It is often the case that television viewers have to look beyond the major networks to find the best entertainment experience, and the return of AMC’s Breaking Bad; a show which started to mixed reviews five years ago after failing to be picked up by FX, is an exceptional example of how both writers and actors can improve over time. When I started watching the show as a college freshman in 2008, it was pretty good. And that’s how most people who saw season 1 described it: pretty good. Not outstanding, riveting or groundbreaking, but simply pretty good.
The key change is that over time, Breaking Bad has defied convention. For most shows, a new season means writing for the sake of money, stretching subplots and including tedious (often irrelevant) twists in the hope of keeping the streak going as long as possible. Vince Gilligan and the rest of the Breaking Bad crew instead decided to approach the show ethically, cranking out some damn good television that, if anything, has taken itself to a new level every single season it has been on the air. They have been rewarded, it seems, by a dedicated following and a very successful program that will end as it began; ethically. Like 24 and so many other major network shows, they could probably stretch the storyline over another 3-4 seasons, but the quality would inevitably diminish, and previously unplanned deaths would happen as actors would demand pay raises in the wake of the show’s popularity. The only bad news about this show’s going out in style is that after all it is going out this fall. One episode down, and eight to go in the last cook for America’s favorite meth dealers.
This week’s return of season 5 (or season 6, no one is really sure which) is called Blood Money, and had a lot to live up to after a cliffhanger ending stretching over the course of a full calendar year. With Walter White having officially left the meth dealing business, viewers might have wondered what, if anything the show had left to cover in the last eight full episodes. There were a few unburied conflicts between Jessie and Walt, but those seemed trivial and unlikely to resurface at any point in the near future. But at the very end, Walt’s brother in law and DEA agent Hank Schrader stumbles upon the missing piece of the puzzle, that might put him on Walt’s scent and one step closer to catching the infamous cook known as “Heisenberg.”
Fans were not disappointed to see that Walter White has lost none of his manipulative tendencies, Jessie is still struggling with the moral implications of their actions, and Badger is still a hapless moron. We are treated to a fast-forward, one year in the future to a broken and heavily armed Walter White, driving a car past what used to be his home (Now a total wreck) to collect a sample of a poison he had left there months before, the same make-you-guess foreshadowing that BB has made a staple of its episodes since season two.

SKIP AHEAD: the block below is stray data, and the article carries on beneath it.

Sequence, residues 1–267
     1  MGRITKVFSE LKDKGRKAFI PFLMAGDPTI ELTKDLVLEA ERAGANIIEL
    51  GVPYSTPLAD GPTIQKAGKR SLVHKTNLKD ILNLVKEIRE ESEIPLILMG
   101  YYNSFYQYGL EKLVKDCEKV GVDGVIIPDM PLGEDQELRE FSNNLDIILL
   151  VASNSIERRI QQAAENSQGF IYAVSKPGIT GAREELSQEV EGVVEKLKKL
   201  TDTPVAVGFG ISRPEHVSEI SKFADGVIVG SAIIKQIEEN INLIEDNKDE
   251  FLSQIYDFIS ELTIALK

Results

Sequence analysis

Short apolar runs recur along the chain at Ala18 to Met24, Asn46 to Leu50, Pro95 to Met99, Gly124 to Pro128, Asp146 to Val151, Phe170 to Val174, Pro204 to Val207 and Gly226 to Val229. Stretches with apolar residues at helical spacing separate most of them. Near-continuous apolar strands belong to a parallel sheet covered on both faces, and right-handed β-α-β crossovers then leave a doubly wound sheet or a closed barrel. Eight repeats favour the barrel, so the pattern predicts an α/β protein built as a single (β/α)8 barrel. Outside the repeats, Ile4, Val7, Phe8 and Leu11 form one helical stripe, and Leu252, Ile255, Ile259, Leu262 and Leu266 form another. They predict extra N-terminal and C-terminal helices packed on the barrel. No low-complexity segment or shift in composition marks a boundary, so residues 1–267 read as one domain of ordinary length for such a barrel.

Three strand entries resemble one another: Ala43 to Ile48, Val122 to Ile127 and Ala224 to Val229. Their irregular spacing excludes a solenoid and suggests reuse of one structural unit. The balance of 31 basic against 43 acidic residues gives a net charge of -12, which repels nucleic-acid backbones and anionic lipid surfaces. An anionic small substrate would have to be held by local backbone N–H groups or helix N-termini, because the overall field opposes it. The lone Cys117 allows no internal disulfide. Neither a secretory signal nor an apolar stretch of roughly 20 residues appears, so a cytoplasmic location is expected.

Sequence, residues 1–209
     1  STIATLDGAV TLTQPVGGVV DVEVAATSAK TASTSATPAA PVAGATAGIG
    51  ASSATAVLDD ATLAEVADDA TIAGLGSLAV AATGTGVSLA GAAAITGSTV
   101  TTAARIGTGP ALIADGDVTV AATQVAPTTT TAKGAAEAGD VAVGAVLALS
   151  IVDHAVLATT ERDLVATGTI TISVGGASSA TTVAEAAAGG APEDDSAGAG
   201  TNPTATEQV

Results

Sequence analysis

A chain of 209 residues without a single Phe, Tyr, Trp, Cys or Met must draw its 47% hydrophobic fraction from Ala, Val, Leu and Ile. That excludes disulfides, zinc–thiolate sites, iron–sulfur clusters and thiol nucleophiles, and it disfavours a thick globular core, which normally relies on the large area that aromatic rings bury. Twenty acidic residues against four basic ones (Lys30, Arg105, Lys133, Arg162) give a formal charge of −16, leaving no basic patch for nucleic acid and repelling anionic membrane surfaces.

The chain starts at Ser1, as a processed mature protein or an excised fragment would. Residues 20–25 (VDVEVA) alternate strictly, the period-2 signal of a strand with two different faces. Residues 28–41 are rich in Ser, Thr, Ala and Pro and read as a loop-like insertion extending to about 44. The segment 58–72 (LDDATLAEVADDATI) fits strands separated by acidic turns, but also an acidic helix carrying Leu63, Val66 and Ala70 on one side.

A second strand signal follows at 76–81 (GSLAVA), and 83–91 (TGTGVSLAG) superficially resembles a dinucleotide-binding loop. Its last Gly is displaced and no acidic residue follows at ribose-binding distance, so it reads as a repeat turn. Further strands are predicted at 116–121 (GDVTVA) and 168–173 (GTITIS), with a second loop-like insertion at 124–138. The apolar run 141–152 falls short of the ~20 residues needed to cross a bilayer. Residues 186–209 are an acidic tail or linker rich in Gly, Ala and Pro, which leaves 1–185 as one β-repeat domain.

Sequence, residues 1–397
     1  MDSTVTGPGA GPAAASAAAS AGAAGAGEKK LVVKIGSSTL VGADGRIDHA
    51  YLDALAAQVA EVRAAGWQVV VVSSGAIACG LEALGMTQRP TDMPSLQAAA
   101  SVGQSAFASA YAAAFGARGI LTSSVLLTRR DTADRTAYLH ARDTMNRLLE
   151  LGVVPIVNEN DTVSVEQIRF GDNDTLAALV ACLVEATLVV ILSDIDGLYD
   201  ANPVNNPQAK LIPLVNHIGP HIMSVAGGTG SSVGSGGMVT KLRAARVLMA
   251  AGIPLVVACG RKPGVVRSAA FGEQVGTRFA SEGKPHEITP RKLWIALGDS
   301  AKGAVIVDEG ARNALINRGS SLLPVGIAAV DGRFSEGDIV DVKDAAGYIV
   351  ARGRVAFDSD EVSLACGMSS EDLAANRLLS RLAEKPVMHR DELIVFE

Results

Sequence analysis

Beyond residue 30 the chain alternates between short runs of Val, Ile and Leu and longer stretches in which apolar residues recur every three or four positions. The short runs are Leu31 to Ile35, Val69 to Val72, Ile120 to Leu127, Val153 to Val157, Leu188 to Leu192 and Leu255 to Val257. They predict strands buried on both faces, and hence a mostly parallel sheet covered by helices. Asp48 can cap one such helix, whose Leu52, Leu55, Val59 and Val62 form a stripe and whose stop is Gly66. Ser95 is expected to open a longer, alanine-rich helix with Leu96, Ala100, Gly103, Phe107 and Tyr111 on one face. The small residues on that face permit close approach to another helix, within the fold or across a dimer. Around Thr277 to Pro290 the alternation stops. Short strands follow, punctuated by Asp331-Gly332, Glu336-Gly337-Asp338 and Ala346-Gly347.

What stood out from this episode was just how good at playing with people Walter has become. In several scenes, he is almost indistinguishable from former employer Gus Fring, carrying the same businesslike attitude, stern confidence and utter control of all situations. He is able to convince his typically resistant wife to consider expanding their business venture, calmly dismisses the veiled threats of Lydia, his former business partner whose business is now being run into the ground in Walt’s absence, and talk down Jessie, who is getting precipitously close to having been lied to one too many times. Ultimately, when the chips are laid down on the table between Walt and Hank, Heisenberg’s quick wit may have saved him a run in with police. Walt has become a master of getting himself out of pinches, but collateral damage is inevitable, and if the shots one year ahead of time are any indication, there will likely be some more unfortunate bystanders who suffer from his ego and selfishness before the show is complete.
It seems like it’s been a long time since Walter’s bold proclamation of “I won.” at the conclusion of season four. It’s been even longer since his actions led to the collision of two full sized planes directly above his Albuquerque home. But if one thing is for certain, it’s that this is no longer about Walter White providing for his family. That shtick has come and gone. This is about a man, his ego, and his empire, and how much he will sacrifice to keep it from all crumbling to the ground.